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Traffic changes considered after Back Bay drag race

The scene of a Saturday night crash, at the intersection of Beacon and Exeter streets, where a car that was believed to be drag racing jumped the sidewalk, knocked down a fence, struck a tree, and hit a 28-year-old man.Pat Greenhouse/Globe Staff/Globe Staff

Traffic-calming measures are being considered for the Back Bay after a pedestrian was injured in a drag racing incident on a stretch of Beacon Street that has long been plagued by speeding motorists.

The city will try a digital speed board and more police enforcement to slow traffic, according to the office of Mayor Martin J. Walsh. The city’s Department of Transportation is reviewing the street’s design to consider more permanent changes.

Spokeswoman Bonnie McGilpin said in a statement Monday that the city has been working closely with the community “to find an immediate solution to end this dangerous speeding.”

A meeting will be held on March 30 with the neighborhood association, the Transportation Department, and Boston police.


On Saturday, a Bentley struck a fence, a tree, and a pedestrian on Beacon Street near Exeter shortly before 6 p.m. A witness saw the driver of the Bentley jump into a white BMW he had been racing, which then sped onto Exeter Street toward Storrow Drive. Police are searching for at least two people.

“Obviously, it’s a major concern that someone would be drag racing through a residential neighborhood, hit someone, and run away,” said City Councilor Josh Zakim, whose district includes the Back Bay. “But it’s not the ongoing situation . . . it’s the way the street is; it encourages speeding. It’s a wide road [and] people take advantage of it.”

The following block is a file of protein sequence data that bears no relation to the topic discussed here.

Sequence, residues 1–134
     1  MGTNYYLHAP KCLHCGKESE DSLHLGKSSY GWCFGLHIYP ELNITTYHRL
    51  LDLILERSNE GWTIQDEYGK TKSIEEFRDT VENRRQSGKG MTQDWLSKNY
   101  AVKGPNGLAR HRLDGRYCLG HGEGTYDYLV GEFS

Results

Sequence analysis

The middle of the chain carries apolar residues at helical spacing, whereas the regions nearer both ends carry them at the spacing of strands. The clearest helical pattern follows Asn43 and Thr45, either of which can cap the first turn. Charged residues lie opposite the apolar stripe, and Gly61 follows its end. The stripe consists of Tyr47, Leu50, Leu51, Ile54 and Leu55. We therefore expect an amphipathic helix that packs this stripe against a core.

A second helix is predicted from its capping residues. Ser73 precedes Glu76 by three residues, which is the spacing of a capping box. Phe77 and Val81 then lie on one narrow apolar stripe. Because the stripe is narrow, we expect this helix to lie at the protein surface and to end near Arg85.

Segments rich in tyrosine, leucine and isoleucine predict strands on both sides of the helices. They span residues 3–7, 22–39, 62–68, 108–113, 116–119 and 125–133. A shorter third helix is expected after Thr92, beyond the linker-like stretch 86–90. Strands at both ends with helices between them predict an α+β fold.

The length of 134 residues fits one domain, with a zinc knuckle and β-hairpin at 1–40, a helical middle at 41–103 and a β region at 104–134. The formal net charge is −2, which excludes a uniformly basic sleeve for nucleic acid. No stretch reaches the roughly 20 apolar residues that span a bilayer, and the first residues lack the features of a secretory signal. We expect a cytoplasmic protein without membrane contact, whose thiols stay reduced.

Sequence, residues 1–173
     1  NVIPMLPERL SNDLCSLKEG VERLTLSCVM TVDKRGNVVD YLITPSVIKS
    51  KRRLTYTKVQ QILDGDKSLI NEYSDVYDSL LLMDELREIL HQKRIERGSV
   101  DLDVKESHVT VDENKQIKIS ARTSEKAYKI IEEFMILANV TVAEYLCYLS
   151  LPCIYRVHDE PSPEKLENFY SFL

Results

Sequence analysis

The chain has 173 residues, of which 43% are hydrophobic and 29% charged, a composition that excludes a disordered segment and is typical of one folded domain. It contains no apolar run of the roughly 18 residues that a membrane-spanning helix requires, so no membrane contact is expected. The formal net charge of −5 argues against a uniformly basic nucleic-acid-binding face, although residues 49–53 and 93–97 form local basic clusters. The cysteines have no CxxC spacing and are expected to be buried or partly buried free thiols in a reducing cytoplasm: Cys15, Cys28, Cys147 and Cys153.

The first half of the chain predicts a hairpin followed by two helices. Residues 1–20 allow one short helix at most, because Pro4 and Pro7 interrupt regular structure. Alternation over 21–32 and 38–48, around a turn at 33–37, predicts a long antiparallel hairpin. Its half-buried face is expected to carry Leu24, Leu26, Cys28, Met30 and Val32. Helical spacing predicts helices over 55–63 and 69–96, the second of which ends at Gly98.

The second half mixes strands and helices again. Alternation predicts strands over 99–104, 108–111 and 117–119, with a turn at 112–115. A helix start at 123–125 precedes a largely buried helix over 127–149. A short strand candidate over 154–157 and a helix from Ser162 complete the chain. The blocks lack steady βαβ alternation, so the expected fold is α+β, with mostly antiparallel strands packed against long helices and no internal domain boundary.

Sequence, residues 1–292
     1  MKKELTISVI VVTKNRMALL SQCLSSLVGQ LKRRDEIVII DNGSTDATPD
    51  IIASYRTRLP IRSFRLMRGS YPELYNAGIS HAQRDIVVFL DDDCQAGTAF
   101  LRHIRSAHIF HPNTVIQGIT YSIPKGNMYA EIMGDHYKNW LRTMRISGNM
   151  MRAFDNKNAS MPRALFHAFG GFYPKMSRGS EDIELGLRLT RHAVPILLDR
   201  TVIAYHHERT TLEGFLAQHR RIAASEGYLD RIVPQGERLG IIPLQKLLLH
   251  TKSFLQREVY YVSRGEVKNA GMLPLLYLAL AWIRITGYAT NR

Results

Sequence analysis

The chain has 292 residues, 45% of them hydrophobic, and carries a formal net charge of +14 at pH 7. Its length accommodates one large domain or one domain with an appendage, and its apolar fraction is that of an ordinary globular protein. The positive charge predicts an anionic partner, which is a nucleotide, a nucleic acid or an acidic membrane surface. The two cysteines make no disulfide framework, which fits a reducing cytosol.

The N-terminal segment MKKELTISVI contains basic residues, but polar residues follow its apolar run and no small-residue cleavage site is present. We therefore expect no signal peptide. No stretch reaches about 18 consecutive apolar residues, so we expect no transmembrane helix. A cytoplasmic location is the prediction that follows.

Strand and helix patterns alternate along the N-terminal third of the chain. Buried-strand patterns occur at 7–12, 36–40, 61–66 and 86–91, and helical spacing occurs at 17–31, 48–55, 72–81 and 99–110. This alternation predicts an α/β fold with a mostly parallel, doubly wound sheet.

Zakim said speeding occurs mostly along Beacon Street between Berkeley Street and Kenmore Square.

“That area has been an area of concern for us for a long time, Boston Police spokesman Lieutenant Detective Michael McCarthy said Monday.

But the speeding has been getting worse, said Vicki Smith, chairwoman of the Neighborhood Association of the Back Bay.

“We need to figure out what it is that lets people feel like they can drive at very high speeds,” she said.


The Department of Transportation said digital speed boards have slowed traffic in other areas. Zakim said there has also been discussion about adjusting the traffic lights.

Civic groups say they have been pushing for a fix to the speeding problem after the death of a couple at Beacon and Fairfield streets nearly two years ago.

Jessica Campbell, 27, and her boyfriend, Jack Lanzillotti, 28, were killed in June 2014 when a driver barreled through a red light, collided with another vehicle, flipped, and struck the couple.

The driver, Mohamed Alfageeh of Allston, was sentenced last year to 18 months in prison and three years of probation.

WalkBoston, a pedestrian advocacy organization called for removing a traffic lane and replacing it with a protected bicycle lane and adjusting traffic signals.

“These are low-budget adjustments that could be made right away,” said Ann Hershfang, with WalkBoston.

“It’s worth a try,” she added.

Jan Ransom can be reached at Follow her on Twitter @Jan_Ransom.